'Minx' Review: Feminism Meets Porn in a Charming Comedy - Rolling Stone
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Flesh and Boners: ‘Minx’ Is Your New Favorite Feminism-Meets-Porn Comedy

The Seventies-set series sees a plucky journalist join forces with a skin-rag publisher to package her pro-woman think pieces next to pics of dicks

Jake Johnson, left, and Ophelia Lovibond in 'Minx.'

Katrina Marcinowski/HBO

In HBO Max’s new comedy series Minx, Ophelia Lovibond plays Joyce, an idealistic young writer who has spent most of her life dreaming of launching a magazine dedicated to trumpeting her feminist ideals. She pitches this idea to members of the magazine publishing elite but her invitation for them to “be on the right side of history” — the show takes place in 1971 — is not well-received. One of them looks at the woman on Joyce’s mocked-up cover and asks, “Why is she so angry?”

Joyce does manage to find one potential backer, but to her dismay, it’s Doug (Jake Johnson from New Girl), a cheerful, unapologetic porn publisher. “You gotta hide the medicine,” he insists. “It’s like when you give a pill to a dog, you dip it in peanut butter first. So my question is: What’s our peanut butter?”

The peanut butter, it turns out, is dongs. Lots of them. Doug’s brainstorm is to pair Joyce’s articles on the ERA and birth control with explicit male centerfolds.

Minx does not lack for full-frontal male nudity, as if creator Ellen Rapoport were trying to make this one show into a corrective for decades of cable and streaming dramas using naked women as background scenery. And Rapoport, like Doug, is adept at administering the medicine. The series offers genuine insight into the subjects Joyce cares about, but wrapped around them is an exceedingly charming workplace comedy.

The early Seventies were a golden age for both feminist magazines (Gloria Steinem’s Ms. launched in 1972) and porn aimed at women (the first issue of Playgirl came out in 1973). And there was a real-life version of what Joyce and Doug do here: Viva, founded by Penthouse publisher Bob Guccione, which mixed naked men with attempts at more thoughtful commentary. (True story: A young Anna Wintour served as the Viva fashion editor.) Rapoport has cleverly blended bits of each together with other real-life publishing sensations of the time like Burt Reynolds’ famous (but carefully posed) nude Cosmopolitan centerfold.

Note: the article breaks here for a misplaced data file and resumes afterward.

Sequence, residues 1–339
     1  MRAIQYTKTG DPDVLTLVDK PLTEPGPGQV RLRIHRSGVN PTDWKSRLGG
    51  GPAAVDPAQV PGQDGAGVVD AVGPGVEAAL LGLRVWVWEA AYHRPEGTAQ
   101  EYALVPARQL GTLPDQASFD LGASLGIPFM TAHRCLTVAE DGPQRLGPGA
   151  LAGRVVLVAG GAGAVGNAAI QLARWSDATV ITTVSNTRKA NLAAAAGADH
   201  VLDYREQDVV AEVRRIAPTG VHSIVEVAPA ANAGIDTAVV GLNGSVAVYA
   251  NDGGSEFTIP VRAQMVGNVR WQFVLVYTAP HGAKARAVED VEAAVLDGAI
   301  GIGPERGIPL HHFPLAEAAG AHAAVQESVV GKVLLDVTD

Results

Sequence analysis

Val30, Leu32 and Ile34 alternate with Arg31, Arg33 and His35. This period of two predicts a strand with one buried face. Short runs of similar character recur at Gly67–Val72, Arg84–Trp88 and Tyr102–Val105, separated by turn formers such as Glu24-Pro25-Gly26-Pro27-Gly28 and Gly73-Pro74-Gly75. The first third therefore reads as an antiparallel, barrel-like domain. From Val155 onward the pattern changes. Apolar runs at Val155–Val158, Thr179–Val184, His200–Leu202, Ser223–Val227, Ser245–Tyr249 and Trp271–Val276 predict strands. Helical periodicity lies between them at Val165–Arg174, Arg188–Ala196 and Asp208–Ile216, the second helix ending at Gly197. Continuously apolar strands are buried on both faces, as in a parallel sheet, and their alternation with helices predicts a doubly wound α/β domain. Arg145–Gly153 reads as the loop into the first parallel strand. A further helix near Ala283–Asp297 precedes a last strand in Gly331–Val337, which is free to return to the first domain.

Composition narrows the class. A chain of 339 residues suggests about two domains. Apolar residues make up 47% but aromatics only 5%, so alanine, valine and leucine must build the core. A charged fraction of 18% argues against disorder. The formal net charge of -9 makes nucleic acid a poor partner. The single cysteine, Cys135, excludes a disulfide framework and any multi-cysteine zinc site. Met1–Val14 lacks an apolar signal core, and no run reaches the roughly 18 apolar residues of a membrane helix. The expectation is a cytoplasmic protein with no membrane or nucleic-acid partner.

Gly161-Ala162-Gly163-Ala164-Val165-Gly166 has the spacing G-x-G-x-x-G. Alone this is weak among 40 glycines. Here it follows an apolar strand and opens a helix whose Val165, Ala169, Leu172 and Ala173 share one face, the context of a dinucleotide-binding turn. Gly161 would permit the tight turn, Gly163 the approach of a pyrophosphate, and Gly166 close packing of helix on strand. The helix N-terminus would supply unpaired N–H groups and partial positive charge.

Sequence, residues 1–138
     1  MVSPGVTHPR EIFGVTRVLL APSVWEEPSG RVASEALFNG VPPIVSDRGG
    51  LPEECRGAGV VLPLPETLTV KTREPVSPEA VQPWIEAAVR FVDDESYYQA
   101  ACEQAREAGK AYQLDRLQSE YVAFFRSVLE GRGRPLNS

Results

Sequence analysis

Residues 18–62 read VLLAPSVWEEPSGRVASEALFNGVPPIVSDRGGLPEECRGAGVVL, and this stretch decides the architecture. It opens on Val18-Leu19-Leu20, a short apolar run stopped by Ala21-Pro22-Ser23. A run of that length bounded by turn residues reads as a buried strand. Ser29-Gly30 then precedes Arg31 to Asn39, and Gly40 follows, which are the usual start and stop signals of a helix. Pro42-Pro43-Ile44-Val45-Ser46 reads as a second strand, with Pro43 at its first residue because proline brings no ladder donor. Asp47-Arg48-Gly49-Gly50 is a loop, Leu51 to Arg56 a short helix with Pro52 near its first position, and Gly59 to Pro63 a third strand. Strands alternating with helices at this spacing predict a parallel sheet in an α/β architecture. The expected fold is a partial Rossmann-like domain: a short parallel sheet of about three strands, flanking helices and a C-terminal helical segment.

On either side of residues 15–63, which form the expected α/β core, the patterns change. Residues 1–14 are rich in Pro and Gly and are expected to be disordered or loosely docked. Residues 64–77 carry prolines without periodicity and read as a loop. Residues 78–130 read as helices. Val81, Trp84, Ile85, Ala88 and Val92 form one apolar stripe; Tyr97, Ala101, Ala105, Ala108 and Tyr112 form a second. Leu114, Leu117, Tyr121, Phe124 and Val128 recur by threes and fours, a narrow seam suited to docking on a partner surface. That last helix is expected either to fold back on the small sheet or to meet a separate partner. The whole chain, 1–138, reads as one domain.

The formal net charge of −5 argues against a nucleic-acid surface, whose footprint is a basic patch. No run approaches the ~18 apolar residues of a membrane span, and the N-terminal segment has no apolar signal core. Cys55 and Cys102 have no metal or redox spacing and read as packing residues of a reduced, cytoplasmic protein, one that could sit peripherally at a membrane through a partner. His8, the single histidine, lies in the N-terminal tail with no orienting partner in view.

But regardless of which factual inspirations Minx is drawing on in any one moment, the show’s appeal comes chiefly from the charming cast of characters Rapoport has assembled. Lovibond makes for an amusingly flustered heroine, as Joyce’s idealism keeps colliding headfirst with the pragmatic nature of the publishing world. Few actors, meanwhile, can play a gum-chewing sleazeball with a heart of gold as well as Johnson, whose appeal seems to grow in direct proportion to the grossness of the person he’s portraying. The rest of the ensemble builds nicely around them, including Lennon Parham (whose mere presence and crackling line delivery improves every comedy she appears in) as Joyce’s sister, who finds helping at the magazine a welcome diversion from suburban motherhood; Jessica Lowe as a nude model from Doug’s other magazines who has her consciousness raised by Joyce; and Taylor Zakhar Perez as the magazine’s sweet but utterly dim first centerfold. (He proudly invites his parents to the launch event, telling Joyce, “I’m the first person in my family to attend a press conference.”)

Through the half-season’s worth of episodes HBO Max gave critics, the odd-couple partnership of Joyce and Doug seems to change her more than him. In one early installment, she can’t resist giving into the fantasy promised by one of the magazine’s photo spreads, to loud and ridiculous effect. Minx may be targeting its audience’s funny bones far more than their neither regions, but it still knows how to satisfy.

The first two episodes of Minx begin streaming March 17 on HBO Max, with two episodes a week after that. I’ve seen the first five of the season’s 10 episodes.

In This Article: HBO Max, Jake Johnson


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